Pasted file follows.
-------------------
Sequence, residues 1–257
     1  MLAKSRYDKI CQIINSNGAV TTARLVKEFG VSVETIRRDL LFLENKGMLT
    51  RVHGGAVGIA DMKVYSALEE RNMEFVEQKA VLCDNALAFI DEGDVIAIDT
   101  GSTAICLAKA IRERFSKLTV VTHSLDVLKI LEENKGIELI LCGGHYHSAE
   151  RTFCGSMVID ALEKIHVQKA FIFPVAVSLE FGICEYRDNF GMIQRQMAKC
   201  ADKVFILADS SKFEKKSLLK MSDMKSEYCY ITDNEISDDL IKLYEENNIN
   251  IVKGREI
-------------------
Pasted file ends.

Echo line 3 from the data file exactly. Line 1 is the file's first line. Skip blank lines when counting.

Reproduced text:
    51  RVHGGAVGIA DMKVYSALEE RNMEFVEQKA VLCDNALAFI DEGDVIAIDT